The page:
There is so much wrong with that sentence, my pretend insurance agent just left the room. Lending to family seems like a no-brainer, and sometimes it’s fine. But people do funny things when pickups enter the equation. Nobody stands in IKEA eyeing six cartons of Billy bookcases and says, “Say, didn’t Aunt Lois just get a new Prius?”

People who own pickups are aware of things like towing capacity. They know important details about full loads and clearance. People who borrow pickups think capacity means the skipping rope they’re tying it all down with won’t stretch any farther. These are not evil or stupid people, but they have bought into the dream they see in all the ads about pickup trucks. If Sam Elliott has assured them how rugged it is, it must be. And if that truck in the magazine is climbing up the side of a mountain, then my brother’s pickup will surely be fine hauling a 14-foot fishing boat up Highway 400, along with a tinny holding a barbecue, four lawn chairs, a coffee table and a rug.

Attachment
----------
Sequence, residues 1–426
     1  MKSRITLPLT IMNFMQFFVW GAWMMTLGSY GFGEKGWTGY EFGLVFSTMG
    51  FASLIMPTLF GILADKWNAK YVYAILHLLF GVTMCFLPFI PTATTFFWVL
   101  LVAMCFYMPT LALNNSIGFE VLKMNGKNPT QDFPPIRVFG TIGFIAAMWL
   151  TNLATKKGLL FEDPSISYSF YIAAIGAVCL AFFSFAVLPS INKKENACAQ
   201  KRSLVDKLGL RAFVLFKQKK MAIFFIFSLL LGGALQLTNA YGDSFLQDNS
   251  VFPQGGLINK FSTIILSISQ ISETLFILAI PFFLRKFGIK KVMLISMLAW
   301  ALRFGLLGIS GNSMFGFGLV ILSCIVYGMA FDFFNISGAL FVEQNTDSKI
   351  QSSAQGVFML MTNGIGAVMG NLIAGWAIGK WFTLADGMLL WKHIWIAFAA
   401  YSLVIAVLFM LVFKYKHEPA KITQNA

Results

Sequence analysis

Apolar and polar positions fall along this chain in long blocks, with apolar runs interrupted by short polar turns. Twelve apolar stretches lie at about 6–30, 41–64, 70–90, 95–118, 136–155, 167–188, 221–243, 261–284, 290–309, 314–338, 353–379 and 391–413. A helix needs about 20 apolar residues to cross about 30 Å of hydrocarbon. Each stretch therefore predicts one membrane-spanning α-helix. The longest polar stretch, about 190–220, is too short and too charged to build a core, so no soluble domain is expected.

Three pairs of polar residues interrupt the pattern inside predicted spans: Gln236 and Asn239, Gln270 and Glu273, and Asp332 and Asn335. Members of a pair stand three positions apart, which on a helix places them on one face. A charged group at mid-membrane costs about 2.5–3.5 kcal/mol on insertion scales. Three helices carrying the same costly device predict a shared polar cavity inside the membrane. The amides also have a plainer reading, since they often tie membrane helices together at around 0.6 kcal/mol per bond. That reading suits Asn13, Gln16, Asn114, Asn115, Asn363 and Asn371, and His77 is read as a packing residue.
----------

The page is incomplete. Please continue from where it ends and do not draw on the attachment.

While it’s the driver who will be responsible for traffic violations like speeding, it’s the owner who is going to discover unpaid parking tickets come licence renewal time. In Ontario, there is now an even more pressing topic to add to the vehicle-loaning discussion: stunt driving. An acquaintance found out the hard way the far-reaching implications of roadside judge and jury. Helping friends move, they’d asked him to drive one of several trucks they’d loaded up. No problem. Until this young driver was pulled over in a speed trap and tagged at 50 km/h over the posted limit. The vehicle was impounded for a week, fully laden. They couldn’t get anything out of it. The charge took months to wend its way through the courts, but the friendship died right there by the side of the road.